If you have any financial accounts anywhere, you have probably read about rolling over you old 401(k) retirement account to a new company that will “charge less” and help you “earn more.” While I am a big fan of moving an old retirement account when you leave an employer, it is important to take your time and make an educated decision.
Your Old 401(k)
First off, you have to look at where you account is today. How much do you have there? Is there a fee for the fund you have your money sitting in? Is there a maintenance fee? What is the total cost per year and cost as a percentage per year?
Using the free 401(k) analyzer at Empower, a free site I use regularly to monitor my investments and investment fees, I found that I pay .67% per year to keep my investment in a variety of funds that meet my goals. That is a great, competitive rate, but it still means I am paying $85 per year to give Wells Fargo the pleasure of managing my retirement funds. That is an estimated 20% of my future earnings! If I were to leave, I could find lower fees managing the funds on my own.
If you are like me and don’t love the fees at your employer, remember to move things right away when you leave. It is worth keeping everything with the employer’s endorsed provider as long as you get a match on your contribution. If you have already found a new employer, it is time to move on and stop letting that bank take fees on your hard earned money.
Reasons to stay with old employer 401(k):
- Low fees/no fees (rare)
- No extra work (lazy person’s excuse)
Reasons to move on from your old employer’s 401(k):
- High fees (likely)
- Little control and few fund options
- No more contact with HR department where you used to work
Most often, the reasons to move outweigh the reasons to stay. If you are going to move, don’t just take the cash out and pay the tax penalty!!!! If you contributed to a retirement account, you got a big tax saving. Taking money out of a retirement fund early comes with hefty IRS penalties in the US, and I am sure similar penalties in Canada and other countries around the world (readers, please verify in the comments if you know). When you take out the funds, they have to go directly into a comparable retirement fund somewhere else or you have to pay up.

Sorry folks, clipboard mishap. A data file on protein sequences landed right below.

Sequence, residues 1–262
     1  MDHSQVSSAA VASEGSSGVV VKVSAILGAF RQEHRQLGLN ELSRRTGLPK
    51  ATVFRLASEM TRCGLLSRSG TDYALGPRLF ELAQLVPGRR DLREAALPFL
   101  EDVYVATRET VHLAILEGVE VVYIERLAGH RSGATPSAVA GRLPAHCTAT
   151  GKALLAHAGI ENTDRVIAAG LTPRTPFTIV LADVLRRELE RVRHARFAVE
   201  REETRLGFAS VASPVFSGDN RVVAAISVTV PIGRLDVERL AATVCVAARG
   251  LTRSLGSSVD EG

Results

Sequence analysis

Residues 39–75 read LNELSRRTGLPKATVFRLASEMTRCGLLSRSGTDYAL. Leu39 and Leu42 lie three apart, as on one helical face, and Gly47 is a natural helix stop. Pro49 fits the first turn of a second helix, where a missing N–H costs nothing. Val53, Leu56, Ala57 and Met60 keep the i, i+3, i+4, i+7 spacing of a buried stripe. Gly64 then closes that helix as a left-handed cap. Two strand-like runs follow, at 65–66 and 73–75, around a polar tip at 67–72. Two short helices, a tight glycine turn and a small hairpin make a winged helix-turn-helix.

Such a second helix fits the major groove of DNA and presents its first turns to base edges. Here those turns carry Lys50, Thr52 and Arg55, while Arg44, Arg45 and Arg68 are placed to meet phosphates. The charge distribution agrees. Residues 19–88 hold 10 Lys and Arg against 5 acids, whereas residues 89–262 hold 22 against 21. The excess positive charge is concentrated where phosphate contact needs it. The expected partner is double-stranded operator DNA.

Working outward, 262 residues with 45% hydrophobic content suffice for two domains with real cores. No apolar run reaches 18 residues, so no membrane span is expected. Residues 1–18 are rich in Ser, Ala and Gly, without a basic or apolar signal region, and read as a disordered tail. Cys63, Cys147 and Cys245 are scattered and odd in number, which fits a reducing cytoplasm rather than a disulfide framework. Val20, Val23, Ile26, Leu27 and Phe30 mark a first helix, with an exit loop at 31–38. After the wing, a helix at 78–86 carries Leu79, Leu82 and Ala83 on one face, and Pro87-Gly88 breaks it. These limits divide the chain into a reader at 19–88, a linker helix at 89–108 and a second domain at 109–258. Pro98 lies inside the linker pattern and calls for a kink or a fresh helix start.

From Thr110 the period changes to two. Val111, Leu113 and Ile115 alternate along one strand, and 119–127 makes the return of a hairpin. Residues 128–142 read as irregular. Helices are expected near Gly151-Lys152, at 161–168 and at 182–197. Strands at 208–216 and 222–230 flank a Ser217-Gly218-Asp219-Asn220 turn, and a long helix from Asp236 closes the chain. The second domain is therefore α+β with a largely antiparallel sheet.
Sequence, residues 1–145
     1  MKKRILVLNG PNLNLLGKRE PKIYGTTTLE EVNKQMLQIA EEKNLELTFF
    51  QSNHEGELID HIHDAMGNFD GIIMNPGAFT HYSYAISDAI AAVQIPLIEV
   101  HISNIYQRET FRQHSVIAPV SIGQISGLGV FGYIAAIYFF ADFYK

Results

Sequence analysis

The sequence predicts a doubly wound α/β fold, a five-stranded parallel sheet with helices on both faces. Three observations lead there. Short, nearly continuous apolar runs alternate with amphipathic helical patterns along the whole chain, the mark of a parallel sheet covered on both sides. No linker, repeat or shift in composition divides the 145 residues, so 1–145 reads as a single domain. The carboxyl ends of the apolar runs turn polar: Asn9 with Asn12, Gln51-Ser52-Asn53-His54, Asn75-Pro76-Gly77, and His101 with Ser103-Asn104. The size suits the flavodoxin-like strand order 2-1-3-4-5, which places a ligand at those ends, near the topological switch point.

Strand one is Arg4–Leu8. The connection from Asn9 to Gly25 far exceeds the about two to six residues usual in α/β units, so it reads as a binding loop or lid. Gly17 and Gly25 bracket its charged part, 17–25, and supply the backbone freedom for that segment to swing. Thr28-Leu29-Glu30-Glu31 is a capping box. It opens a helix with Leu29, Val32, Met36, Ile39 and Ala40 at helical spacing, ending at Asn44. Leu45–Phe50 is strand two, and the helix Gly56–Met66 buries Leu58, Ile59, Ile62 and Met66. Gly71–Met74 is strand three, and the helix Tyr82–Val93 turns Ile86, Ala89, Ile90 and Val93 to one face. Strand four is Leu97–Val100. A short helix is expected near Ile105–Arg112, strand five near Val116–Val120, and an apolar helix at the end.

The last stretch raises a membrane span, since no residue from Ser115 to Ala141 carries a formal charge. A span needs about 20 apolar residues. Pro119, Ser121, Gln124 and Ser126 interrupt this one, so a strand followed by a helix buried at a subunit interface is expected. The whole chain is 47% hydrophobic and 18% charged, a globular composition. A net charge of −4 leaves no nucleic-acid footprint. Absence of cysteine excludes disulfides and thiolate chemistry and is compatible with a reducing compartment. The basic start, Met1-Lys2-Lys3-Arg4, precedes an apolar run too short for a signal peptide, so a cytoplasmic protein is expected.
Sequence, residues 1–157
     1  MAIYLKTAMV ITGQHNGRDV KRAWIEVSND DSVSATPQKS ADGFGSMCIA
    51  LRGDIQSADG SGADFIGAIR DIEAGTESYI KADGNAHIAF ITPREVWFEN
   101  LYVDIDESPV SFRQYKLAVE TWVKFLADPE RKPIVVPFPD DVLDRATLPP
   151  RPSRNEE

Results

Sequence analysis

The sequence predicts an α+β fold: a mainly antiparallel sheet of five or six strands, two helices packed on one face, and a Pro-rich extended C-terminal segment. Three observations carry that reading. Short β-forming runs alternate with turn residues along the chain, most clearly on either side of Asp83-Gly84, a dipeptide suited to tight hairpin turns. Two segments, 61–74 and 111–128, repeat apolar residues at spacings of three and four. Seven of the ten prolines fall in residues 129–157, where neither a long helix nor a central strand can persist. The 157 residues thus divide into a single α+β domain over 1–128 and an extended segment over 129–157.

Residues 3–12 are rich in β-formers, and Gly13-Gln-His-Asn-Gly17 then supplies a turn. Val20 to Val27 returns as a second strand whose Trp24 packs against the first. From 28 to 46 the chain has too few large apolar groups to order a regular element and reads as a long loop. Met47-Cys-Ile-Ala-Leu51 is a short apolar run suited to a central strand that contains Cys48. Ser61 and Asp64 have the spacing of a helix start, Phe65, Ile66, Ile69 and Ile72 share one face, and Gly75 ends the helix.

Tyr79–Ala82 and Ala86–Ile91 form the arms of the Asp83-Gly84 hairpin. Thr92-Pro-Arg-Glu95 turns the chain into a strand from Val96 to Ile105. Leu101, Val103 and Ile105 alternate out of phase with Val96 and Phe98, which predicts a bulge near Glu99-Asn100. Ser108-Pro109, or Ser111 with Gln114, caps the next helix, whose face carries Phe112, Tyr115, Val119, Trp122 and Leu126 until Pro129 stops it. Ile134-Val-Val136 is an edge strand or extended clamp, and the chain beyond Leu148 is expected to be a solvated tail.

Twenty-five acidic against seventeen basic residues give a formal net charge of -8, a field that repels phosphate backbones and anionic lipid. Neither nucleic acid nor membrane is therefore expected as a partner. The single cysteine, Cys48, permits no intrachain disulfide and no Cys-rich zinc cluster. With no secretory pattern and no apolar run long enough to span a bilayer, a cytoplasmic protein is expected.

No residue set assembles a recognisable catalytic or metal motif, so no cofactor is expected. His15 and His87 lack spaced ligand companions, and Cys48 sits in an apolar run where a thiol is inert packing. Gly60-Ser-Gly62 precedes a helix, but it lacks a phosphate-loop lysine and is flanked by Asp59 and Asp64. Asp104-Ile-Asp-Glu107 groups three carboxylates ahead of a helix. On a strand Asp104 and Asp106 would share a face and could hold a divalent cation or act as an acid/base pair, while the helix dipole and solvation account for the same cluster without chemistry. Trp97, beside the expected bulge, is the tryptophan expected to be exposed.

Rolling Over Your Old 401(k)
So, you are ready to move? Now it is time to research possible storage for your 401(k) in the future. Note that you can always move your 401(k) or IRA to another bank/broker, you are not limited to when you leave a job.
Googling 401(k) roll over gives you about 495,000 results and countless sponsored options. You see ads from places like TD Ameritrade, Charles Schwab, T. Rowe Price, Vanguard, Edward Jones, Sharebuilder/ING, E-Trade, and many more. You can use virtually any bank (not recommended) or brokerage (recommended). Here is a short list of my favorites:
1. Your Broker – You are probably there for a reason. If you are happy, explore retirement account options. You should be able to talk to an expert a sales person that can help you easily move your old account. Just be sure to ask about fees and investment options before you agree to anything.
2. Charles Schwab– Schwab is my broker, so it is a natural fit for me. I can invest for free in a whole slew of index funds and mutual funds with no trade fees and no maintenance fees. Like with any broker, it is up to me to monitor the fees the funds charge me. I have no reason to go elsewhere based on anything I have read.
3. Vanguard – One of the most popular firms with “low fee fund” options. Many other brokers offer access to invest in Vanguard funds as well. I have a large portion of my retirement funds in Vanugard funds through my Charles Schwab account.
4. Sharebuilder– If you are an investor bent on controlling the details and doing your own research, Sharebuilder offers low cost trades, so you can manage the account with fewer trading fees than other brokers. It is also easily funded through Capital One 360 (formerly ING Direct).
Remember that these are just a few of the many options you have for investing your hard earned retirement funds. Just be sure to do your research on fees and investment options before you sign up. I would love to hear what you use in the comments.
Originally published January 5, 2010. Updated April 29, 2013. Image by zoetnet / flickr